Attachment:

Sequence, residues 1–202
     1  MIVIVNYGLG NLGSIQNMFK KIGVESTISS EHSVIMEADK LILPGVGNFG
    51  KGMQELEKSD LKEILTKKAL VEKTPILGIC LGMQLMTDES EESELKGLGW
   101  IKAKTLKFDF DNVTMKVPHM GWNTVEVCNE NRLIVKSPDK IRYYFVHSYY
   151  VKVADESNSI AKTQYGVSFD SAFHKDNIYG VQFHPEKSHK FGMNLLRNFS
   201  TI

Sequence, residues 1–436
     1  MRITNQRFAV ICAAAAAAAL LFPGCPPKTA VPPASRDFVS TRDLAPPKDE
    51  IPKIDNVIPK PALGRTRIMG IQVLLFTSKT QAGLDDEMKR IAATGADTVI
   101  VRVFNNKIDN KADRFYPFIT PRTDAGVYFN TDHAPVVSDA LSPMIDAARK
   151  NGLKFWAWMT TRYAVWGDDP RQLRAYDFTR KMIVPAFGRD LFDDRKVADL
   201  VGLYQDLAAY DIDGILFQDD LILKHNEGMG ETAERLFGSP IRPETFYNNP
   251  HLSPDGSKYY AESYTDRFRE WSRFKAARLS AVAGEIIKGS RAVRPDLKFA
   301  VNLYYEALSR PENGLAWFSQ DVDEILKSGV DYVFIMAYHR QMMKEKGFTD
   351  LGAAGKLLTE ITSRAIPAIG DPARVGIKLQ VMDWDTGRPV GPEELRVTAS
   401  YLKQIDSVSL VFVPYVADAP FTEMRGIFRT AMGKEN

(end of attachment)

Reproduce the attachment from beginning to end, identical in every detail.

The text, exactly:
Sequence, residues 1–202
     1  MIVIVNYGLG NLGSIQNMFK KIGVESTISS EHSVIMEADK LILPGVGNFG
    51  KGMQELEKSD LKEILTKKAL VEKTPILGIC LGMQLMTDES EESELKGLGW
   101  IKAKTLKFDF DNVTMKVPHM GWNTVEVCNE NRLIVKSPDK IRYYFVHSYY
   151  VKVADESNSI AKTQYGVSFD SAFHKDNIYG VQFHPEKSHK FGMNLLRNFS
   201  TI

Sequence, residues 1–436
     1  MRITNQRFAV ICAAAAAAAL LFPGCPPKTA VPPASRDFVS TRDLAPPKDE
    51  IPKIDNVIPK PALGRTRIMG IQVLLFTSKT QAGLDDEMKR IAATGADTVI
   101  VRVFNNKIDN KADRFYPFIT PRTDAGVYFN TDHAPVVSDA LSPMIDAARK
   151  NGLKFWAWMT TRYAVWGDDP RQLRAYDFTR KMIVPAFGRD LFDDRKVADL
   201  VGLYQDLAAY DIDGILFQDD LILKHNEGMG ETAERLFGSP IRPETFYNNP
   251  HLSPDGSKYY AESYTDRFRE WSRFKAARLS AVAGEIIKGS RAVRPDLKFA
   301  VNLYYEALSR PENGLAWFSQ DVDEILKSGV DYVFIMAYHR QMMKEKGFTD
   351  LGAAGKLLTE ITSRAIPAIG DPARVGIKLQ VMDWDTGRPV GPEELRVTAS
   401  YLKQIDSVSL VFVPYVADAP FTEMRGIFRT AMGKEN